twinkly29 profile image
twinkly29 in reply to Jolu29

The Fostair will take time to build up again as well though so you might be best just continuing with the Relvar for now. Up to you of course but you'll probably need to use your salbutamol either way at the moment. It's ok to use it while bridging the gap - it doesn't mean there's a problem, it's just relieving symptoms while the preventer is building up. One option would be to see if they will give you a few more days of steroids. Also if you really can't manage at work then that's ok too (well it's not, it's rubbish for you obviously but it's ok not to be in if you're not well enough). It might be ok though if you just take your salbutamol as required. Maybe even plan to do it regularly 4 hourly or something so it doesn't get to a more acute feeling?

in reply to Jolu29

As I started 3 new meds at the same time, it’s hard to say which one is helping the most, but I’m certainly feeling much better with Relvar than when I was on seretide. It’s a shame most of us seem to have to go through a lot of suffering before our GP’s pay attention.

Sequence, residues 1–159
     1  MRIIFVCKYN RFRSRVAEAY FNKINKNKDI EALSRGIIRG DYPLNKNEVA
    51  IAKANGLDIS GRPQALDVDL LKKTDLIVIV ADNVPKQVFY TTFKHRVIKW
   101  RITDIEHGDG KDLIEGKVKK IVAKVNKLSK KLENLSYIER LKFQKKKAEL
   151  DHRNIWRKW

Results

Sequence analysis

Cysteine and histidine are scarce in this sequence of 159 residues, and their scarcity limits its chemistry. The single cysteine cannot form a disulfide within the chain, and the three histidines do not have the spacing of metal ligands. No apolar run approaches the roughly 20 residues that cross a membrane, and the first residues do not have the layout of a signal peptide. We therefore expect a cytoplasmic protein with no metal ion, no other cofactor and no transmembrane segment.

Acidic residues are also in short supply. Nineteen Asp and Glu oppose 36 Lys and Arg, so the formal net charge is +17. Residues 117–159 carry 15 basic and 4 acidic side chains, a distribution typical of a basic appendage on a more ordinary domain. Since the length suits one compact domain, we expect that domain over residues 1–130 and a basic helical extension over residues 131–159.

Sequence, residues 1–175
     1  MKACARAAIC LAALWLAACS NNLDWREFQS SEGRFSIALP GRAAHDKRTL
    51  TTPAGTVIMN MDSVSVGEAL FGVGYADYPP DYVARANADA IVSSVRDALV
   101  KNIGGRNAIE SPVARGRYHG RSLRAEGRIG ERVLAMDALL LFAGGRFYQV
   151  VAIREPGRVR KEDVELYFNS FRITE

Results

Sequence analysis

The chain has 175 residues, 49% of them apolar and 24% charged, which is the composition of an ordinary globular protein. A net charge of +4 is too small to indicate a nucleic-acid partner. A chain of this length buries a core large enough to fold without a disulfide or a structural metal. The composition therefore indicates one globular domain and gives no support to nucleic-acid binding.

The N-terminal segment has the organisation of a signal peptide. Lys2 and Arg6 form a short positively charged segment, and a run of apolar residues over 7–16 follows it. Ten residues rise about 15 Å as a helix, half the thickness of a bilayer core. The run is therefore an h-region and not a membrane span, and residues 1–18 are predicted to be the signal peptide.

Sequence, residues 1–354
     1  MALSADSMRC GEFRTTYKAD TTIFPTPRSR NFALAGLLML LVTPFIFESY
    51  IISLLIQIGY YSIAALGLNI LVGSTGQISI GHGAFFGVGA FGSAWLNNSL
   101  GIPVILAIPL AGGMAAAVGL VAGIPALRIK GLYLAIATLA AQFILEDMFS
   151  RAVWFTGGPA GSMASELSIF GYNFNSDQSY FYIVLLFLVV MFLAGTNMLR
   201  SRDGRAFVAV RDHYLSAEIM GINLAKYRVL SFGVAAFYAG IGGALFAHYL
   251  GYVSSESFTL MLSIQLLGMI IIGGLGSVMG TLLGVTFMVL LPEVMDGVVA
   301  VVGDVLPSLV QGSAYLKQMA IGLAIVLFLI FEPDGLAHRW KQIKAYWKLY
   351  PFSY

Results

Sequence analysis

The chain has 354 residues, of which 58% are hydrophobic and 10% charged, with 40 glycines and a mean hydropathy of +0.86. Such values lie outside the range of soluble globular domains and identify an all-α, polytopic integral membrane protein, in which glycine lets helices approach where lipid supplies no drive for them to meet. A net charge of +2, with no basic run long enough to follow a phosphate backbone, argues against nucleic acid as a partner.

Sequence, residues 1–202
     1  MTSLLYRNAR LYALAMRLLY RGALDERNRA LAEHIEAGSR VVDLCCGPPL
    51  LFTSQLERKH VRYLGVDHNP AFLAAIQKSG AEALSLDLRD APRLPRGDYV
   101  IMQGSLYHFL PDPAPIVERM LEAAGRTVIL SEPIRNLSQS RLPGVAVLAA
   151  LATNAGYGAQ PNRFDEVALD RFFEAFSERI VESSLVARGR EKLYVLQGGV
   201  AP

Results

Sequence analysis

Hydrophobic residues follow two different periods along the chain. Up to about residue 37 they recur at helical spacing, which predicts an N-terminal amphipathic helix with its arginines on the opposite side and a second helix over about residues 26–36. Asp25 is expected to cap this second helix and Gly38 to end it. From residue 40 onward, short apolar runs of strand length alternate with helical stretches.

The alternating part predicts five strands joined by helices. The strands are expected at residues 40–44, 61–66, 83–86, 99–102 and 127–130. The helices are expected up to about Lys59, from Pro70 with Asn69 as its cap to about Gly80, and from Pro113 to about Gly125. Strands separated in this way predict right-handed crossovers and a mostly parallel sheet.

You really need to get some proper advise on using your inhalers correctly. I believe it’s possible to overdose on seretide. It certainly doesn’t seem like a good idea to use a months worth of medication in a few days. Plus if you have tachycardia, it won’t be doing you any favours.

Lysistrata profile image
LysistrataCommunity Ambassador

I agree with the others. You need to contact your GP asap, or get help sooner from hospital if you are too breathless to speak, eat or sleep. I would usually say you can take 10 puffs of salbutamol through a spacer and to call an ambulance if this doesn't help, but sounds like you may not have that inhaler? This advice from Asthma UK may be useful: